Athens Archeological Museum

April 4, 2017 Paul Groves

Day 89 of 111. National Archeological Museum, Athens, Greece

This museum has examples of pottery, artifacts, and art from all over Greece. We were especially taken by the pottery shard showing donkeys pulling a rope and the statue of the Minotaur. The gold Mask of Agamemnon (not really him, since the gold was dated before he was born) was one of many pieces of gold found in various tombs.

Our guide was very good at explaining the evolution of the figures. The earliest figures (bottom left) were very stylized with lines representing muscles such as on the abdomen and thighs. The figure on the right has a more natural depiction of abdominal muscles, etc. Eventually, the figures became very natural, but idealized such as the figure in the center. The bronze statue is called the Poseidon of Artemision. This statue was very interesting because it was found in a ship wreck. There is still some uncertainty whether it is Poseidon or Zeus. Whatever the statue was throwing would clearly determine its identity. Poseidon would have a trident and Zeus would be throwing a thunderbolt. The other interesting idea is that the body is idealized and therefore athletic and young. The beard and mustache show that this is supposed to be an older male.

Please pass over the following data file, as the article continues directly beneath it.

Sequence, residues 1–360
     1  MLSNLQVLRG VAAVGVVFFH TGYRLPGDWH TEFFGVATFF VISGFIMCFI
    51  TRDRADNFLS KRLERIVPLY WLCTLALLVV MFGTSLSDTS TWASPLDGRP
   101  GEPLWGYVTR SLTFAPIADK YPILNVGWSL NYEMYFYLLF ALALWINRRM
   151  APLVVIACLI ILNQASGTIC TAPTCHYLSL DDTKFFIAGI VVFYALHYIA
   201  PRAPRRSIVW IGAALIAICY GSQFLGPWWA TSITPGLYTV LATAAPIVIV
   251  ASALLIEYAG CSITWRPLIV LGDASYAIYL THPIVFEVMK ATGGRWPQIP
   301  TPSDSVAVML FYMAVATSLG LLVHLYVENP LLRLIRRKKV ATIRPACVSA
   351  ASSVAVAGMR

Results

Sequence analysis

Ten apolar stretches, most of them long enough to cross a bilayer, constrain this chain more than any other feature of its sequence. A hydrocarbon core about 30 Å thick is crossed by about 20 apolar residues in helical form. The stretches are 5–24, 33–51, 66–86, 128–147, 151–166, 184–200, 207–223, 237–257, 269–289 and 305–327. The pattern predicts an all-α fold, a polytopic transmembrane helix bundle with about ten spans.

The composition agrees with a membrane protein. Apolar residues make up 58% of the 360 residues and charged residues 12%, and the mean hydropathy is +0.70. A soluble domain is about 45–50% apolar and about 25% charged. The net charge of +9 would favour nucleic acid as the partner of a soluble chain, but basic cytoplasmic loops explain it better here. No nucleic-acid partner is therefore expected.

The boy on the horse is an even later development of the human figure where anguish and emotion are shown rather than placid ideal figures.